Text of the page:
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Now Online: Lay-Language Summaries Of Research

May 11, 2012

The following are excerpts of selected lay-language papers. The entire collection can be found here: http://www.acoustics.org/press/163rd/lay_lang.html

Lay-language Paper Highlights:

1. Trapping Microorganisms Using Cylindrical Standing Waves and Its Application to Water Purification

2. Auditory Depth Control: Investigation Associated Physical Parameters that Make a 3-D Sound Image Project Out of Your TV

3. Speech Perception Development in Monolingual Infants and Bilingual Infants

4. Making Sense of Sound

5. Improving Orchestra Pits for the Benefit of Musicians

6. Seismic Wave Attenuator Made of Acoustic Metamaterials

7. Dynamics of the Himalayan Singing Bowl

8. Evaluation of Vibration Seat Rattle Noise Using Coherence Function Technique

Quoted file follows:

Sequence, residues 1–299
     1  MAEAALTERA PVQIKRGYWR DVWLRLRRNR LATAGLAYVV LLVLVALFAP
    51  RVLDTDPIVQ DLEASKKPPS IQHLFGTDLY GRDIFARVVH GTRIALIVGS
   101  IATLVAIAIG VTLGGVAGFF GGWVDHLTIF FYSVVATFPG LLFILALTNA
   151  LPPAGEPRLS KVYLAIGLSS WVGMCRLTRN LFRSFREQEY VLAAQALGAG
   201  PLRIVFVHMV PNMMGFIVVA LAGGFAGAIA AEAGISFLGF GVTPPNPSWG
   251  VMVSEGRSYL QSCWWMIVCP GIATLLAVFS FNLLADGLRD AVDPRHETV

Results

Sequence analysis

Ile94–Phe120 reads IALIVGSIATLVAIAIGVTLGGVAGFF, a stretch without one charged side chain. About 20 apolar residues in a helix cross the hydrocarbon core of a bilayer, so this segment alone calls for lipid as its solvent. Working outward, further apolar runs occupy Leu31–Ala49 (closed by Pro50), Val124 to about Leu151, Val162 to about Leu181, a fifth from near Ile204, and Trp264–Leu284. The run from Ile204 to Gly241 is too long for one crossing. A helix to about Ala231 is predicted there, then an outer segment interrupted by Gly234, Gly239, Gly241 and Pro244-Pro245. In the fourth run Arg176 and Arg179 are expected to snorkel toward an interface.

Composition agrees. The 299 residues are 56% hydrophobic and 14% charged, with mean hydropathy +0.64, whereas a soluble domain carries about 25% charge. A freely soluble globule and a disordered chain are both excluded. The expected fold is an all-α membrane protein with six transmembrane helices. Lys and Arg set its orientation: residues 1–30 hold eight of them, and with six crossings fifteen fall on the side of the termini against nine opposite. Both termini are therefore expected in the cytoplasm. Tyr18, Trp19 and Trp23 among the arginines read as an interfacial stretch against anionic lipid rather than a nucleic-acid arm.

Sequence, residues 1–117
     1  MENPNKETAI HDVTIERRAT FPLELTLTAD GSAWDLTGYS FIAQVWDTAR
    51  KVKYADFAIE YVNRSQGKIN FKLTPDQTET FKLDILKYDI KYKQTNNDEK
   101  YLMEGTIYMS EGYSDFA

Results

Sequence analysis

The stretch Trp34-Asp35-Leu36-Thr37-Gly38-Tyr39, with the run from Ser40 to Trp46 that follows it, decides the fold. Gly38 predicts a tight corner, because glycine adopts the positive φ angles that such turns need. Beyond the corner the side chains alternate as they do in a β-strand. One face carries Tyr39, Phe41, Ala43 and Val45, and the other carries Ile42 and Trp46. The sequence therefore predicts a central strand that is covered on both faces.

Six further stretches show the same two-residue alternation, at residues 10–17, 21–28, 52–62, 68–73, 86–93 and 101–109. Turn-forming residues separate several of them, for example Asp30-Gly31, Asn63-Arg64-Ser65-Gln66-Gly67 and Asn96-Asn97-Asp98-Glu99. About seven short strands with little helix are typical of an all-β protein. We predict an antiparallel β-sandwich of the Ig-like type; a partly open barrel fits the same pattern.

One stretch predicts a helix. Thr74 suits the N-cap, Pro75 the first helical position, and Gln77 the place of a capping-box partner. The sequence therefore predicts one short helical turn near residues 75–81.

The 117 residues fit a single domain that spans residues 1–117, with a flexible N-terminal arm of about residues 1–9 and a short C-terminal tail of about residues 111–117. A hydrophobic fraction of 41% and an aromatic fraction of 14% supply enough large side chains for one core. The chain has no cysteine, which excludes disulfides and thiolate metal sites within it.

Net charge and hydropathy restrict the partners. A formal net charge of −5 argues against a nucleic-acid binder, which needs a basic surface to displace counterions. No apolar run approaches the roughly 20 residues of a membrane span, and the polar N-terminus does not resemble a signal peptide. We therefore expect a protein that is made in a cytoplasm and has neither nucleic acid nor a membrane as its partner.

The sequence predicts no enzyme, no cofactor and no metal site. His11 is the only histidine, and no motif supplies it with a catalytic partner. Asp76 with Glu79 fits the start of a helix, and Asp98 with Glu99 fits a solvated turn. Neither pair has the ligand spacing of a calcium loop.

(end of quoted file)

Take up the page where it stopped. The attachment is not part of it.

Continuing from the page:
9. Estimation of Speech Privacy Performance from Acoustic Parameters in Two Adjacent Rooms

10. Scoping the Treble Sounds in Singing and Speech: What Your Phone is Not Telling You

11. Ultrasonic Cleaning of Root Canals

12. Toward a High Power Non-contact Acoustic Source Using Time Reversal

13. A Circular Microphone Array Design Approach for Discrete Noise Suppression

14. Acoustic Cues Used by Blind Travelers

15. Gliders, Floats, and Robot Sailboats: Autonomous Platforms for Marine Mammal Research

16. For Low-frequency Underwater Sounds, a Mirror Becomes a Window

17. Does Exposure to Aircraft Noise at Primary School Influence Later Learning Outcomes? Findings from the UK RANCH Follow-up Study

18. Laser ‘Tractor Beam’ for Small Particles

1. Trapping of Microorganisms Using Cylindrical Standing Waves and Its Application to Water Purification

“In this study, the cylindrical standing waves by a cylindrical ultrasonic transducer, which is more convenient to apply to water purification, is employed to trap and aggregate microorganisms, such as green algae Chlorella.” Paper 1aPA6 by Hae-Rang Hwang et al. will be presented Monday morning, May 14.

http://www.acoustics.org/press/163rd/Hwang_1aPA6.html